Q4. What are the benefits and costs of the UK’s approach to environmental and climate change commitments in free trade negotiations to date? And to what extent might the inclusion of Investor-State Dispute Settlement clauses in free trade agreements affect the UK’s climate change policies?
- We do not have any data on the benefits and costs. To a large extent, in the new UK-Japan Comprehensive Economic Partnership Agreement (CEPA) the UK appears to have replicated the sustainability arrangements of the EU-Japan Economic Partnership Agreement. The terms of the Trade and Sustainable Development (TSD) chapter reaffirm the right to regulate. It also reaffirms the parties’ commitments under various International Labour Organization Conventions and obliges them to cooperate across a wide range of Multilateral Environment Agreements (MEAs). These include product-specific initiatives around timber and fisheries, as well as broader efforts to combat the trade of endangered flora and fauna. The chapter also sets up various consultation mechanisms between the two parties as well as with their respective civil society organisations.
- These provisions to have value, however more effort should be made to mainstream environmental provisions throughout the FTA, including relating to green procurement, environmental services, green subsidies and environmental products.
- Including robust and enforceable obligations on environment and climate change within trade agreements, could be used to establish the UK as a leader and early-mover in this area and open the door to influence the wider international environmental trade agenda.
- Specifically regarding environmental services, regulatory cooperation is an increasingly important component of services trade. The UK Government should seek to use its FTAs and the sections relating to regulatory cooperation to establish regulator-to-regulator discussions on environmental services’ regulation and options for international cooperation which could be embedded within FTA structures. These dialogues need to be paired with appropriate mechanisms for industry input.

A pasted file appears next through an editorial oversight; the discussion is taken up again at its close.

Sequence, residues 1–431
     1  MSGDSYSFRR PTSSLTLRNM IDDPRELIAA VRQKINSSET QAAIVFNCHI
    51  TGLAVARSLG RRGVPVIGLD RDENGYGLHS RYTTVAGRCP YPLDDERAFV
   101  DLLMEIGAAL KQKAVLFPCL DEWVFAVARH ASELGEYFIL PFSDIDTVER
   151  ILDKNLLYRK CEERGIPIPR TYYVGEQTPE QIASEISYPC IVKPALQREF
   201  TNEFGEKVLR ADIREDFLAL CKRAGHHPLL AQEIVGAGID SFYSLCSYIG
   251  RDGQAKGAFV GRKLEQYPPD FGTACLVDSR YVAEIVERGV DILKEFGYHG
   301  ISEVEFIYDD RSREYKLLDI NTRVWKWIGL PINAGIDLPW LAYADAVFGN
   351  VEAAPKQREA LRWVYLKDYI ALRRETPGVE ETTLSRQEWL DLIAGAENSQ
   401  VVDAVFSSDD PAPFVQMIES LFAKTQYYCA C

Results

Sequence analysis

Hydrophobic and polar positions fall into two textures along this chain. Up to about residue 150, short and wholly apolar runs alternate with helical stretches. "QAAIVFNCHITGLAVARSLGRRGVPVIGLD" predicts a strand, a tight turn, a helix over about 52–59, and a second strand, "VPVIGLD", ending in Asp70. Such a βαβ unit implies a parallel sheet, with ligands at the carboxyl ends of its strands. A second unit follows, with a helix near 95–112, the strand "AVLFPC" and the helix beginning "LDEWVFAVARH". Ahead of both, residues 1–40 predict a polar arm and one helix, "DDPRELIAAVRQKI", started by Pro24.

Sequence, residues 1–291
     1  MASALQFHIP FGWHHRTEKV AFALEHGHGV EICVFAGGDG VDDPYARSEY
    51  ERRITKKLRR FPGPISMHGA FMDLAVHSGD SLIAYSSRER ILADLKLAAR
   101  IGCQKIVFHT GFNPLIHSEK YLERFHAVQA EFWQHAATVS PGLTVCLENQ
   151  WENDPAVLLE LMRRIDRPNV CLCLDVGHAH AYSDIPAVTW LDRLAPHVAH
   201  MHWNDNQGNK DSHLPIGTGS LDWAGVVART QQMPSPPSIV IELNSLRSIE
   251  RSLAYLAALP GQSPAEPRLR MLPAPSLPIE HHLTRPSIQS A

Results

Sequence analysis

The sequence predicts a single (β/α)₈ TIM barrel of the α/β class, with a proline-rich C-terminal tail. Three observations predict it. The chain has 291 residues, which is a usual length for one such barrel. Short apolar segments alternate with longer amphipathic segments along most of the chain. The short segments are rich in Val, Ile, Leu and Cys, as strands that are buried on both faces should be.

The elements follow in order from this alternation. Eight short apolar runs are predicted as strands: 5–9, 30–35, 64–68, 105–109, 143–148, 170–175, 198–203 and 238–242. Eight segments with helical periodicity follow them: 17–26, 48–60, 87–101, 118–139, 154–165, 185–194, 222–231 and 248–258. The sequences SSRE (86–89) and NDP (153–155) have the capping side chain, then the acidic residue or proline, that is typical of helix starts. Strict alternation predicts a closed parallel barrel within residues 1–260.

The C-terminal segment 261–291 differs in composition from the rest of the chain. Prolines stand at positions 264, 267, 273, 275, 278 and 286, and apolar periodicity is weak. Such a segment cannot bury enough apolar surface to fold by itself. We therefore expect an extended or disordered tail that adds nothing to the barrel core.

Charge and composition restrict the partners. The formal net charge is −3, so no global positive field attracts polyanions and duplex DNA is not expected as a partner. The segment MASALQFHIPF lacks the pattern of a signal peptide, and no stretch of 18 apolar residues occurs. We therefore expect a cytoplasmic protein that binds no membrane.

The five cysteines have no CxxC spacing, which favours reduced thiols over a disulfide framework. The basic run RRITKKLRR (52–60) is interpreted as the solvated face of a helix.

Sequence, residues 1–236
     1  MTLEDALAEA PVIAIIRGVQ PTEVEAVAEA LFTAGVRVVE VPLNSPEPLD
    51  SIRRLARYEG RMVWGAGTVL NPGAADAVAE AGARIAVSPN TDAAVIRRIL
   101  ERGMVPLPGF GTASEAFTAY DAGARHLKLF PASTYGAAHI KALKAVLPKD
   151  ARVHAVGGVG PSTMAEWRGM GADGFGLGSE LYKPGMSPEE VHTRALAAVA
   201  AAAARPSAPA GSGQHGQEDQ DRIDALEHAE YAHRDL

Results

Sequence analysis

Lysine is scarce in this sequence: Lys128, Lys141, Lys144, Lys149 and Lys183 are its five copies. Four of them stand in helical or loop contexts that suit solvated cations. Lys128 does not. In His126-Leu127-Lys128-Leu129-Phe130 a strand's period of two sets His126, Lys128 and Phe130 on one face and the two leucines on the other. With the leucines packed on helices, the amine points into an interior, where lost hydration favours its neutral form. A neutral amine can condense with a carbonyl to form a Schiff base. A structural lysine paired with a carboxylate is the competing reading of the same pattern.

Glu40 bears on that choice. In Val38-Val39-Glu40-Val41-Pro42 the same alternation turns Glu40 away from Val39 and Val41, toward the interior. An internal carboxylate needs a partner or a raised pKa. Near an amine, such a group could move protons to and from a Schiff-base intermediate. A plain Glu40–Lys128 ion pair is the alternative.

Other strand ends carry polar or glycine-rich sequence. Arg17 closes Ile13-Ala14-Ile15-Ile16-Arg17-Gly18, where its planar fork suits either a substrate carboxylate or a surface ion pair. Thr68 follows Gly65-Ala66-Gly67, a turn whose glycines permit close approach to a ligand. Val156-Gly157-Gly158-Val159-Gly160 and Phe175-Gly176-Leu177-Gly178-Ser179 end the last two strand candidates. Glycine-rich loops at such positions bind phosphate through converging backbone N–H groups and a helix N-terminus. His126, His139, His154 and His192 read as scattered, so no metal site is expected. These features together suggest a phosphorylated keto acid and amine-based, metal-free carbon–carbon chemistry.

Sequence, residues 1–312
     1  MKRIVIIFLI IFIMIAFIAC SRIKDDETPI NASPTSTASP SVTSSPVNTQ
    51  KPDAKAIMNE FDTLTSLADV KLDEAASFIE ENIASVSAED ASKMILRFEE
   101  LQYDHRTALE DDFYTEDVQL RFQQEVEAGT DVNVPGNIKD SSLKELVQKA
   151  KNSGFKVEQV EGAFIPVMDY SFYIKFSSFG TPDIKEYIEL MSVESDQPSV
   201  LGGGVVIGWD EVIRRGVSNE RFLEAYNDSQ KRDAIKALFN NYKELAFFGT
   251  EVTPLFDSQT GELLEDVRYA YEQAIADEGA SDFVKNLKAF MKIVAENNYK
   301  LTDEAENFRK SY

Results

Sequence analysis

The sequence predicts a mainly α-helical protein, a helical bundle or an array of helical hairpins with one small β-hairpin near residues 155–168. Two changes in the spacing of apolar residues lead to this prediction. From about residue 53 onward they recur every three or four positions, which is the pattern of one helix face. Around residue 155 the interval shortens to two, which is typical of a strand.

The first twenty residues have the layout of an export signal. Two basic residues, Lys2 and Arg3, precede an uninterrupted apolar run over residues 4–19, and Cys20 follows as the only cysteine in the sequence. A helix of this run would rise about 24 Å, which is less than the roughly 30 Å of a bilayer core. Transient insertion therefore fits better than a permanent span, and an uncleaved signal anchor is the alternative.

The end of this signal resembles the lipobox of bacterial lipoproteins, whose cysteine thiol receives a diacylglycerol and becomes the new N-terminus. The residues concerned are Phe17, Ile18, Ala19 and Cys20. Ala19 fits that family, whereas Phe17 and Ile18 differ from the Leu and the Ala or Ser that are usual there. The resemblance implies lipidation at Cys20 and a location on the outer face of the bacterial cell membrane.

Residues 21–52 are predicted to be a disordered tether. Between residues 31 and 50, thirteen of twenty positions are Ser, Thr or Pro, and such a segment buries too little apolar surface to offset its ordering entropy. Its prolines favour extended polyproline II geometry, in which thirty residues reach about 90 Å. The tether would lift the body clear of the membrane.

Q5. By what measures should the environmental impacts of new free trade agreements be assessed?
- The UK Government should explore the use of both ex-ante and ex-post sustainability impact assessments for UK FTAs.
Q6. How effective is the Government’s engagement with international forums to ensure that there is a broad consensus among its trading partners on how to align trade with environmental issues?
- Discussions on trade and environment take place in a number of international fora. The UK Government should continue to meaningfully engage in discussions at the G7, OECD and WTO. The UK’s appointment as Chair of the WTO Trade and Environment Committee is a welcome step in this regard.
Q7. What can the UK learn from how other countries’ experiences of aligning trade and environmental policies? How have other countries innovated in this area?
Q8. What opportunities are there for the Government to innovate to create more opportunities for “green” goods and services to export, to decarbonise and green supply chains?
- There is significant scope to develop policy and provide thought leadership around green goods and services, and decarbonising and greening supply chains.
- On services, specifically, we note that the current definition of environmental services is very narrow. A report has been compiled by the City of London Corporation on this question - link. However, in practice the evolution of environmental services has been profound. The Professional and Business Services (PBS) sector has been at the forefront of this shift. As the sector comprises of a broad range of subsectors including; accountancy, advertising, architecture, consultancy, engineering, law, recruitment and surveying.
- Many of the services provided by PBS firms are not necessarily new, but PBS firms are evolving and expanding their services to meet the environmental challenges. Such as lawyers advising on new environmental regulations, architects designing energy efficient buildings or accountants designing systems to account for carbon and other reporting requirements.
- The PBSC has recently published a paper on what can be done to promote trade in environmental services in the PBS sector at COP26. PBSC In Service of Sustainable Infrastructure.
Q9. To what extent is the UK’s trade policy keeping up with demands from consumers on issues such as sustainability, deforestation, eco-labelling and greener supply chains?